Following several snubs I have decided to have no further contact with a former friend. I am furious with myself for denying that I was upset the last time I spoke to her on the phone. (She said she'd call me back, but didn't.) We live about half a mile apart and it is almost inevitable that we meet in the street at some time. I feel I've acted like a wimp so far. I don't want to be downright rude or completely ignore her; neither do I want to act as if nothing has happened. What do you advise?

Christine, Scotland

Aunty Ag: Every time you meet her or speak to her, start giggling madly, add a few theatrical splutters and roll your eyes alarmingly. This will be very disconcerting for her, and she will soon start to avoid you of her own accord.

Uncle Ony: You feel that this friend has slighted you and what you want is not to achieve closure but to take revenge in some way. Mulling over the circumstances in which you fell out will not help you to heal; it will simply keep your resentment alive. There is nothing wrong with "acting like a wimp" if by that you mean avoiding upsetting scenes. If you really want to break off contact with this woman, do it with dignity. When you meet her in the street, smile and nod, maybe exchange a brief but cool greeting and keep walking, as though she were simply an acquaintance - be polite but firm and she will soon realise you no longer wish to remain in touch.

I am a keen traveller who loves going far afield but my husband is not; his ideal holiday is a fortnight in Bournemouth. This year, after much pleading on my part, we are going camping in the South of France, but my husband has laid in the most ridiculous amount of gear, including a water purifier (terrified of foreign water), enormous amounts of medicines of all kinds (terrified of foreign bugs), a very complicated concealed money belt (terrified of foreign thieves) and a case of baked beans (terrified of foreign food). This is maddening and surely way over the top for the Dordogne, which I have heard is really quite civilised. How can I snap him out of this ludicrous xenophobia?

Margaret, via e-mail

Aunty Ag: Cancel the South of France and rebook for Ecuador or Kerala or Venezuela. If he is already in such a state he can hardly get any worse and it seems a shame to waste all that lovely equipment.

Uncle Ony: It seems remarkably insensitive of you to force your husband to spend his precious leisure time in a manner that is so evidently abhorrent to him. I would suggest that in future you consider holidaying separately for at least part of the time and then spending some time together in an English resort that your husband might appreciate. I would also question your motives for globetrotting to faraway places. "Travelling" has a certain snob value attached to it that mere "holidaying" can never achieve; are you sure you don't just want an uncomfortable and potentially dangerous journey so you can boast about it afterwards? Your husband's desire to stay home is far more ecologically sound than your own wish to trample all over the farthest-flung corners of the globe. If everybody stayed quietly in Eastbourne the world would be a better place.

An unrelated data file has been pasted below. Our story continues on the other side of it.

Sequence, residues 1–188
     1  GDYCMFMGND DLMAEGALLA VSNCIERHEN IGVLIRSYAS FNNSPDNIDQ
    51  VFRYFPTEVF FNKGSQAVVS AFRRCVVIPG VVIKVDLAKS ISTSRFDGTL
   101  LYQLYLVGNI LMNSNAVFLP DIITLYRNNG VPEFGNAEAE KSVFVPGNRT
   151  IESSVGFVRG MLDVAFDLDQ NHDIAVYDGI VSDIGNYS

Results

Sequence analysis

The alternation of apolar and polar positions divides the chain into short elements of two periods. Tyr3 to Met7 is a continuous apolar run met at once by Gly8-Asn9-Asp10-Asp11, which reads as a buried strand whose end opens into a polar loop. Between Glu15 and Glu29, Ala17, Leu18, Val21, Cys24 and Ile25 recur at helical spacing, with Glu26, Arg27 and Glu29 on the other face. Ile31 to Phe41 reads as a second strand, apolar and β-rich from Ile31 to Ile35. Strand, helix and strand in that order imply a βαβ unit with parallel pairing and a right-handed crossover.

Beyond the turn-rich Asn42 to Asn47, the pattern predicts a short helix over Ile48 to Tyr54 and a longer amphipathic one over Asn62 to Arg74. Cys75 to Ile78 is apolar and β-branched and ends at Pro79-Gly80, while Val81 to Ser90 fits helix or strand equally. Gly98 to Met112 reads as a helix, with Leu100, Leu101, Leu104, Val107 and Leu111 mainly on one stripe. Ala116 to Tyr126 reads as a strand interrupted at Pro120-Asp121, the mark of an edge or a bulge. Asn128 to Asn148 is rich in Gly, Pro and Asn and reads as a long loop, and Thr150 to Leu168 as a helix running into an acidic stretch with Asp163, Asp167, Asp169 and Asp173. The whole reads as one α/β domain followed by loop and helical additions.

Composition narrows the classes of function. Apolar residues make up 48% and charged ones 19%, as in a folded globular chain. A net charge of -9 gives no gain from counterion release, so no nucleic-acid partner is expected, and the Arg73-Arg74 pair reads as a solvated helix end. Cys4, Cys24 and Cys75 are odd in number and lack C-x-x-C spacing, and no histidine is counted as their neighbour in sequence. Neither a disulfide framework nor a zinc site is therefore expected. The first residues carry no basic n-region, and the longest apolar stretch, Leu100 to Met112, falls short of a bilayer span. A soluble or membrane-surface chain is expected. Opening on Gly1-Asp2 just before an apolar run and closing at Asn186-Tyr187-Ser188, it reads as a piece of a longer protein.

I am having a summer party soon and am worried that my husband will insist on doing a barbecue. It always takes forever to get going, and by the time the first charred sausage is ready the starving guests are already pissed and staggering about. Last year several threw up in my rose bed. What can I do?

Selina, via e-mail

Aunty Ag: It all sounds like jolly good fun, and if you can't beat them, join them. Throwing up in the rose bed isn't half as bad as doing it all over the bathroom, and at least with a barbecue there's hardly any washing up, excellent news if you have a bit of a hangover later on.

Uncle Ony: Doing the barbecue is a male manifestation of hunter-gatherer instincts and I'm afraid your husband will be hard to dissuade. Solve the late food problem by providing a wide selection of nibbles and salads so your guests will not be left completely empty and do offer a variety of soft drinks as well as alcohol. (And possibly place some buckets at strategic points.)

Send your problems to Aunty Ag and Uncle Ony at the Independent on Sunday, Canary Wharf, 1 Canada Square, London E14 5DL or